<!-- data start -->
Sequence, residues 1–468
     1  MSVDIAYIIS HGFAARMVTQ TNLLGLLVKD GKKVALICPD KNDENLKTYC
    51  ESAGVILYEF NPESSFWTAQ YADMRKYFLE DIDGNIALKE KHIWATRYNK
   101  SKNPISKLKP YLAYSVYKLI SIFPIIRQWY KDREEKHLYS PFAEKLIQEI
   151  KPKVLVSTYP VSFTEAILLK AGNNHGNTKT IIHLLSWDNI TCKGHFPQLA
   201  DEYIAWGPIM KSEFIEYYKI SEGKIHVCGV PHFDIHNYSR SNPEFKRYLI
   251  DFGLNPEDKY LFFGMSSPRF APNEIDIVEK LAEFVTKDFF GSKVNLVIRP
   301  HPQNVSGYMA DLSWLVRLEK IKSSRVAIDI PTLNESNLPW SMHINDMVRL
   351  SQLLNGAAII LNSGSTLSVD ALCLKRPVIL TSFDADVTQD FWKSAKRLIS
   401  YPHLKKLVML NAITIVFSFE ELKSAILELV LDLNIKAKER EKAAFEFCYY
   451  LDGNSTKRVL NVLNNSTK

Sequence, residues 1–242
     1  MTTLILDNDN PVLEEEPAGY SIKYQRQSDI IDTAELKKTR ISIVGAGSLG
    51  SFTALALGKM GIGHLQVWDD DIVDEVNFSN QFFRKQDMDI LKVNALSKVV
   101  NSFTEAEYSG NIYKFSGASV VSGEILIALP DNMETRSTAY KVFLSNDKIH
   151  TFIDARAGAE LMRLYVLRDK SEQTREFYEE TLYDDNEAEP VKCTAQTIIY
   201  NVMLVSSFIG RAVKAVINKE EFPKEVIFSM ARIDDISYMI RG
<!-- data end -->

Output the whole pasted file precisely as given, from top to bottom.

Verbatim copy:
Sequence, residues 1–468
     1  MSVDIAYIIS HGFAARMVTQ TNLLGLLVKD GKKVALICPD KNDENLKTYC
    51  ESAGVILYEF NPESSFWTAQ YADMRKYFLE DIDGNIALKE KHIWATRYNK
   101  SKNPISKLKP YLAYSVYKLI SIFPIIRQWY KDREEKHLYS PFAEKLIQEI
   151  KPKVLVSTYP VSFTEAILLK AGNNHGNTKT IIHLLSWDNI TCKGHFPQLA
   201  DEYIAWGPIM KSEFIEYYKI SEGKIHVCGV PHFDIHNYSR SNPEFKRYLI
   251  DFGLNPEDKY LFFGMSSPRF APNEIDIVEK LAEFVTKDFF GSKVNLVIRP
   301  HPQNVSGYMA DLSWLVRLEK IKSSRVAIDI PTLNESNLPW SMHINDMVRL
   351  SQLLNGAAII LNSGSTLSVD ALCLKRPVIL TSFDADVTQD FWKSAKRLIS
   401  YPHLKKLVML NAITIVFSFE ELKSAILELV LDLNIKAKER EKAAFEFCYY
   451  LDGNSTKRVL NVLNNSTK

Sequence, residues 1–242
     1  MTTLILDNDN PVLEEEPAGY SIKYQRQSDI IDTAELKKTR ISIVGAGSLG
    51  SFTALALGKM GIGHLQVWDD DIVDEVNFSN QFFRKQDMDI LKVNALSKVV
   101  NSFTEAEYSG NIYKFSGASV VSGEILIALP DNMETRSTAY KVFLSNDKIH
   151  TFIDARAGAE LMRLYVLRDK SEQTREFYEE TLYDDNEAEP VKCTAQTIIY
   201  NVMLVSSFIG RAVKAVINKE EFPKEVIFSM ARIDDISYMI RG